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#tulabuildscommunities: Culture and Community Project

#tulabuildscommunities: Culture and Community Project
On appropriation and appreciation

At Baby Tula, we pride ourselves on building communities, both big and small. We love the sense of camaraderie that comes with finding fellow baby wearers and parents, and the beauty in learning that you are not alone on the path of parenthood. That’s why respect of communities is very important to us.

In our search to provide the most fashion-forward options to our customers, we have tried to select prints that appeal to a wide variety of tastes. In doing so, we chose certain prints that we felt honored tradition and cultures, but we learned that they in fact appropriated those cultures. We deeply regret these choices, and are truly sorry.

As we learned about cultural appropriation, we became passionate about educating ourselves and helping to raise awareness. We therefore launched a project under the name “Culture and Community,” which we are now ready to share.
Our Culture and Community project is two-fold; we focus on RESPONSIVENESS and RESPECTFULNESS.

 

Our initial actions focused on responsiveness. We immediately worked to educate ourselves about cultural appropriation through focused research and outreach to educational institutions. We reached out to those doing excellent work in the field at various universities and organizations for research assistance. We studied the differences between cultural appropriation and appreciation and the nuances thereof in pop culture, the media, and in fashion. As we learned, we responded by pulling products we were concerned about from our production line and discontinuing prints. We planned and considered how to address cultural appropriation with our audience in a way that helps to raise awareness, build community, and maintain a climate of justice and mutual respect while still offering expression of individuality and diversity. We are still learning.

 

Cultural appropriation is a challenging subject. It is one that involves the adoption of various motifs or elements (such as dress, dance, music, language, cuisine, religious symbols, etc.) of another culture, most frequently one that has been oppressed or exploited. Oftentimes, cultural appropriation is a reflection of stereotypes. It is harmful, hurtful, and damaging to a spirit of equity, inclusion, and diversity, and partnership. It is harmful to communities.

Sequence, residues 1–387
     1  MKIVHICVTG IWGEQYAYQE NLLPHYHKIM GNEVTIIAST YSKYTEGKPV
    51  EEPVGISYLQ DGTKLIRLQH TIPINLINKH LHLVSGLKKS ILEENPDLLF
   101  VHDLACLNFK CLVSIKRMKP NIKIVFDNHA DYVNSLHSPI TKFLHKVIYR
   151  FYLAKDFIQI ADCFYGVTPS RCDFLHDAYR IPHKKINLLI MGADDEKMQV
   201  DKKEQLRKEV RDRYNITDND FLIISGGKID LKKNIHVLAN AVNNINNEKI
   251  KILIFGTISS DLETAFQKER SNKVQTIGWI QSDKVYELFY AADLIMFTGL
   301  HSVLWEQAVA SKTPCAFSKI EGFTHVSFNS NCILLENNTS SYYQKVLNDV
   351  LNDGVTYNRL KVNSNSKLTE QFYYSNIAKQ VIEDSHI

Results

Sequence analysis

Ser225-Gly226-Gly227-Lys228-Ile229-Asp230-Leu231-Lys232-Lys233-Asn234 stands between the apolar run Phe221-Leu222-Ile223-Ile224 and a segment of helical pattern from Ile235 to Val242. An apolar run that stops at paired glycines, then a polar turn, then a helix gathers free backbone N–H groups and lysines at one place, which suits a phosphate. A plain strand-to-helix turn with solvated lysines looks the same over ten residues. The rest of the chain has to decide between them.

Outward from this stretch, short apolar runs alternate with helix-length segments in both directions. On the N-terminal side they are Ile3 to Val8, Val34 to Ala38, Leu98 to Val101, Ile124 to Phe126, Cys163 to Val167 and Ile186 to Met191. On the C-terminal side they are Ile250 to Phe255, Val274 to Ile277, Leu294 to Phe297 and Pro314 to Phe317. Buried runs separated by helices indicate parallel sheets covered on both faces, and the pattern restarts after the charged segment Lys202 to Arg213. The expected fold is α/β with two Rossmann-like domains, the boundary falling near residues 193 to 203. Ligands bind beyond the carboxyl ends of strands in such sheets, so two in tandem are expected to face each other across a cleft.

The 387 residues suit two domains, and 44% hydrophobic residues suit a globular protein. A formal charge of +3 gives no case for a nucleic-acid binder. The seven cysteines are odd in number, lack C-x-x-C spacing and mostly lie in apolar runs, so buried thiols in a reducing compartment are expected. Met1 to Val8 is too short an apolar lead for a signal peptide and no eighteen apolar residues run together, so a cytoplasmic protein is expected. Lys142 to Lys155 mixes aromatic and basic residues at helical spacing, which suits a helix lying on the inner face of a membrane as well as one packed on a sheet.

That is why we are committed to the second piece of our mission, respectfulness. In keeping with our beliefs that we, as a world, have a responsibility to band together in mutual respect, sensitivity, and justice, we have been focusing our efforts on the evaluation of prints going forward. The eyes on our prints aren’t those of only one demographic, but of many, and our goal is to continue to work with experts and students in various fields including social justice, psychology, law, and anthropology, to select prints that meet our high standards. Fordham University Law professor Dr. Susan Scafidi has written a groundbreaking book on the topic: Who Owns Culture? Appropriation and Authenticity in American Law (2005). Her work was a great step in learning more about this topic. She offers advice in her article, “When Native American Appropriation is Appropriate,” which really resonated with us, and which inspired our action and follow up.

 

She said:

“Staying on the right side of the inspiration/appropriation divide requires individual awareness and attention to three S’s: significance (or sacredness), source and similarity. What’s the significance of the necklace you’re about to put on: is it just jewelry or a set of prayer beads? Did the source community invite you to wear that traditional robe, perhaps via voluntary sale, and does the community still suffer from a history of exploitation, discrimination or oppression? And how similar is that designer adaptation to the original: a head-to-toe copy, or just a nod in the direction of silhouette or pattern?”

While the beauty of a global community is that it allows for many different cultures, demographics, societies, and influences to blend together, respect remains paramount in importance and must be continually considered.

Please keep an eye on our blog for more information on how our Culture and Community project has hit the ground running and has driven our passion to learn more about—and support—our mission of building communities.

The post #tulabuildscommunities: Culture and Community Project appeared first on Baby Tula Blog.

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